March 23, 2014

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Stevenson, Lynchburg Sweep Mustang Classic

by Megan Schneider | LaxMagazine.com

"Every player leaving here this weekend, whether you won games or didn't win games, you were going to say that this was a great environment. Stevenson did a wonderful job hosting and it was great lacrosse. At the end of the day, this mid-season classic allowed Division III to take another step. For us to be a part of it is something really special."

- Lynchburg head coach Steve Koudelka

In-Game Blog Replay

 

OWINGS MILLS, Md. -- Aggressiveness was the name of the game Saturday for the second of back-to-back nights of the Mustang Classic -- an NCAA Division III men's lacrosse showcase at Stevenson.

Defending NCAA champion and No. 2-ranked Stevenson defeated No. 6 Cortland 9-8 despite only scoring one goal in the second half. Earlier in the day, No. 10 Lynchburg secured a 13-10 win over Nazareth behind three players who scored hat tricks.

The host Mustangs started out strong during the nightcap and extended their home winning streak to 18 games.

"We made the plays to win the game, rather than make the plays to lose the game," Stevensoncoach Paul Cantabene said.

The Mustangs jumped to a 5-1 lead despite Cortland's Mike Cantelli putting the Red Dragons on the scoreboard first at the 13:42 mark of the first quarter.

Junior Sam Wyatt, sophomore Stephen Banick and junior Colin Dabney scored one goal apiece to kickstart the game for Stevenson, while Billy Burgoyne got his first two goals of the game.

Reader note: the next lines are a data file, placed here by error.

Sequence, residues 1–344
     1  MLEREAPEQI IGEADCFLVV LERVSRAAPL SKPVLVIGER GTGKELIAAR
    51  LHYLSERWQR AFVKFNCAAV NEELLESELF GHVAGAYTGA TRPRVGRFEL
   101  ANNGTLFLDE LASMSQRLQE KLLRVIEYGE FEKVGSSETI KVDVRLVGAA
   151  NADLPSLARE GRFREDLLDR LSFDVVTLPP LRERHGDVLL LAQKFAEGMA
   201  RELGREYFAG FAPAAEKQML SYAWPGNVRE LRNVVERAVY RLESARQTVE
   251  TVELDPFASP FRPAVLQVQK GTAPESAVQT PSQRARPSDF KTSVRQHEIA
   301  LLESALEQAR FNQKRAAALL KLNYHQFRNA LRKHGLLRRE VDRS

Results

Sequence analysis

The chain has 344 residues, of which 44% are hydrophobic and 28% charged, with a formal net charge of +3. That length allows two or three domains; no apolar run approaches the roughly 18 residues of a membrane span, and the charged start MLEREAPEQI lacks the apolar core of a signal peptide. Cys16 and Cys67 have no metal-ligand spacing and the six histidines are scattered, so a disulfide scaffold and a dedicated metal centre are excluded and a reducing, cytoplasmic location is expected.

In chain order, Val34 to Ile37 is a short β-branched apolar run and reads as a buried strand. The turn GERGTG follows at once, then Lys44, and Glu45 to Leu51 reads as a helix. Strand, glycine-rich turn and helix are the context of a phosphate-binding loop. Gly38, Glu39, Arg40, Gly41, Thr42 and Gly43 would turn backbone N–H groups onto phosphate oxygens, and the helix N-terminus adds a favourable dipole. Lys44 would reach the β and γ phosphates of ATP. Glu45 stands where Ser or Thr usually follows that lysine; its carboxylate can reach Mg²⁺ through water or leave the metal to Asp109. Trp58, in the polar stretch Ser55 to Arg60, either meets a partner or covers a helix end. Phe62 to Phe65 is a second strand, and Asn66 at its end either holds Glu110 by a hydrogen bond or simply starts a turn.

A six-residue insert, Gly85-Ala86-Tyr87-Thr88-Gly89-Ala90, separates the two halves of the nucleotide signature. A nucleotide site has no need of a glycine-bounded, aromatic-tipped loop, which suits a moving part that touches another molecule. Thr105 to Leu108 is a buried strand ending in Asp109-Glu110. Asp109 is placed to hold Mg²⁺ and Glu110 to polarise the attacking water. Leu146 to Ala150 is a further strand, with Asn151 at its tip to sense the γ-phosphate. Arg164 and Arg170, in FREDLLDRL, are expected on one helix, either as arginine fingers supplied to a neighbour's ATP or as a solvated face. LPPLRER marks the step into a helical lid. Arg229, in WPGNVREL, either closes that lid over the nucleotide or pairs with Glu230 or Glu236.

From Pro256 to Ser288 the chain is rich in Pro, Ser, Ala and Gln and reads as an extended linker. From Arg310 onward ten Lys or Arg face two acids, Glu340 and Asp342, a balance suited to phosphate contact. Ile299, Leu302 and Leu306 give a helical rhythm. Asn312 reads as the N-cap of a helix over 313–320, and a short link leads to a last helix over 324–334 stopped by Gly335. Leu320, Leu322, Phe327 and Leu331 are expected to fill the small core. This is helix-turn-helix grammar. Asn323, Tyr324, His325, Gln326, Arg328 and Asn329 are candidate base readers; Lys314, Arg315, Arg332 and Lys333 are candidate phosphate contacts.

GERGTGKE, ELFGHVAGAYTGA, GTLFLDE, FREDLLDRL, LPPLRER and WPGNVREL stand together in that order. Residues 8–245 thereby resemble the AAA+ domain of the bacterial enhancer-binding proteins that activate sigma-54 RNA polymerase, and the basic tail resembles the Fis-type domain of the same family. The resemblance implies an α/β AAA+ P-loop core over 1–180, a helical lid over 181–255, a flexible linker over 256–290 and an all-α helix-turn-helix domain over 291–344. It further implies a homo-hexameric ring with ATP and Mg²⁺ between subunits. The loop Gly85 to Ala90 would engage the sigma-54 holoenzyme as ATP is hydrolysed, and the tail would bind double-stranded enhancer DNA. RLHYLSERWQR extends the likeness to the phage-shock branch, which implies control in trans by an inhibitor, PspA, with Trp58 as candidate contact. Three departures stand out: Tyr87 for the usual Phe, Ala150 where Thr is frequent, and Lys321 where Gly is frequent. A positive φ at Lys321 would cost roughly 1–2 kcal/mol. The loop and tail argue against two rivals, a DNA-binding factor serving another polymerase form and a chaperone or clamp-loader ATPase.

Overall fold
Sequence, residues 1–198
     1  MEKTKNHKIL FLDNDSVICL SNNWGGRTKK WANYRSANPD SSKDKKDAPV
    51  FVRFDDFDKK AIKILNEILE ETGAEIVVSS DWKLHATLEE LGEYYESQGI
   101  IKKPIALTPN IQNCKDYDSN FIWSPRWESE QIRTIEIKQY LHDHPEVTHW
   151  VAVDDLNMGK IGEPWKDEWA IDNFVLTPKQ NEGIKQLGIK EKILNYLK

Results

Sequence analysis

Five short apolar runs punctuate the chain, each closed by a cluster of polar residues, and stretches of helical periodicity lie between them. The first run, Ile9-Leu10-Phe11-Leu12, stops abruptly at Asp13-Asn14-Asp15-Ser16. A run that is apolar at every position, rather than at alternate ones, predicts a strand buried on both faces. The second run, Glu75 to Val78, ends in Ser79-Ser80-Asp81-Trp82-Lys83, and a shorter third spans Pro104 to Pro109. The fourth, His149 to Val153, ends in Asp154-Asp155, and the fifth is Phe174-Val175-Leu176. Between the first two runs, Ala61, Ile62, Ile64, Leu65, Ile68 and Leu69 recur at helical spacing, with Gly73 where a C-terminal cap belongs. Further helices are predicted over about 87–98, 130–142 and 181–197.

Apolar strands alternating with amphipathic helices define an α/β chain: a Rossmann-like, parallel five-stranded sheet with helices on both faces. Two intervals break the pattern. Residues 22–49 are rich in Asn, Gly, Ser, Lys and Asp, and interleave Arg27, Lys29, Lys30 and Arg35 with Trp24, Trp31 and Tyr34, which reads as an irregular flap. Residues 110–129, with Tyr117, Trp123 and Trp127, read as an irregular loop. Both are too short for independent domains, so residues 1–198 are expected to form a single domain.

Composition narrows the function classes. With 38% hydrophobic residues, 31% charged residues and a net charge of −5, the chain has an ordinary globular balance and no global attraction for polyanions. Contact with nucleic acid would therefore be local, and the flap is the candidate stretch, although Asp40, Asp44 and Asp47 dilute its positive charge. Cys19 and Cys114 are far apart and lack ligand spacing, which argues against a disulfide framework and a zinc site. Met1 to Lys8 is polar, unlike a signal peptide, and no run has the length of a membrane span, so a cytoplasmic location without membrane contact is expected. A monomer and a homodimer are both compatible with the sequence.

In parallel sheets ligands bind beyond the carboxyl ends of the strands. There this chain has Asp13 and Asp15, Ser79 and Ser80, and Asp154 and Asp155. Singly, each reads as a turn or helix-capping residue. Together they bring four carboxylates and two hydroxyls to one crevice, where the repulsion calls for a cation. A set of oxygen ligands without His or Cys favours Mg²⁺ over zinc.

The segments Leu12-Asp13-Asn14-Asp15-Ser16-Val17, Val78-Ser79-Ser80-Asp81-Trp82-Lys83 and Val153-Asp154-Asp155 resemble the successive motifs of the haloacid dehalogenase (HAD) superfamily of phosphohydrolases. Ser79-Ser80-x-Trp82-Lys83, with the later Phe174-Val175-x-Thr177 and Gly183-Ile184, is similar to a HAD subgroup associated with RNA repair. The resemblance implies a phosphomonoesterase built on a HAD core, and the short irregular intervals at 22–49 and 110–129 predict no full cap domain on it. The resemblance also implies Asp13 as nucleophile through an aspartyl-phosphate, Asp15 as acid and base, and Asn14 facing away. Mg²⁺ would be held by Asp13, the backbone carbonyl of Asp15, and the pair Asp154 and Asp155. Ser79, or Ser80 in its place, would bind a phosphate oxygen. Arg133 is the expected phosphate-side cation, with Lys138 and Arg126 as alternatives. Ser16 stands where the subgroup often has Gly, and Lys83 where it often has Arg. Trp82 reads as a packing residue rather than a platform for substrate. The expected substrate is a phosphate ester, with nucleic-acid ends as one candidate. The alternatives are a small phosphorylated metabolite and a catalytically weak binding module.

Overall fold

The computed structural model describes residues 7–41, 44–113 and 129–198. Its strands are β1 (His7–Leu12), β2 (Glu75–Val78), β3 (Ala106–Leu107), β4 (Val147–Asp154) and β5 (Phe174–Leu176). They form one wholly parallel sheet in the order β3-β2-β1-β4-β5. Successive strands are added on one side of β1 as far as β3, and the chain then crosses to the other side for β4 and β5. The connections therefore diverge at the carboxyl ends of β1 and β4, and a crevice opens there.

Stevenson dominated faceoffs, winning 15 of 20, and went 5-for-8 on extra-man opportunities. With their nationally-ranked man-up offense, the Mustangs took advantage of every opportunity given to them, as Cortland racked up nine penalties, including two on goalie Scott Tota, who came out of the crease to add extra pressure.

"All of my goals came on man-up today," Burgoyne said. "We're over 50 percent for the year and that's all you can ask for. Coming in and playing upstate New York teams, you know they're going to be physical, and in turn, our boys were going to be physical too. I knew there were going to be a lot of fouls. Just have to hope our man-up is better than theirs."

In the second quarter, Benjamin Dunlavey scores for the Red Dragons, but the Mustangs responded again with three unanswered goals by Glen Tompkins, Joe Balestrieri and Tony Rossi, outshooting Cortland 21-15 in the first half.

Leading 8-2 heading into the third quarter, Stevenson looked like it would win in a blowout. But the offense stalled. Burgoyne scored the Mustangs' lone second-half goal.

Cortland, meanwhile, scored six goals on 14 opportunities and held Stevenson scoreless for the final 21:48. The Red Dragons took advantage of man-up situations, scoring the only four goals in the fourth quarter to pull within one.

"Obviously, we played very, very poorly in the first half and a lot of it was picking up some unnecessary penalties and we were man-down for a big chunk of the first half," Cortland coach Steve Beville said. "It put us in a really big hole, so the thing we stressed at halftime was getting things under control, chipping away at things one at a time."

With 1:10 remaining, Matt Rakoczy attempted to tie the game, but the shot was stopped by Mustangs goalie Dimitri Pecunes, who finished with nine saves.

"For the past few weeks, we've really been stressing to put a game together start to finish," Rakoczy said. "Obviously, this weekend, both times in the first half, we shot ourselves in the foot a little bit. But the positive thing is we did fight in the second half to make a comeback."

Following a timeout with about 50 seconds remaining, Stevenson turned the ball over. But time expired before the Red Dragons could get a shot off. Cortland dug itself too big of a hole early in the game to recover.

Earlier in the day, Lynchburg clinched its win over Nazareth with two unassisted goals in the final 1:11 by sophomore Austin Stewart, choosing to attack the goal rather than stall late.

"What's the difference between rolling the ball in the corner and a goalie saving it?" Hornets coach Steve Koudelka said.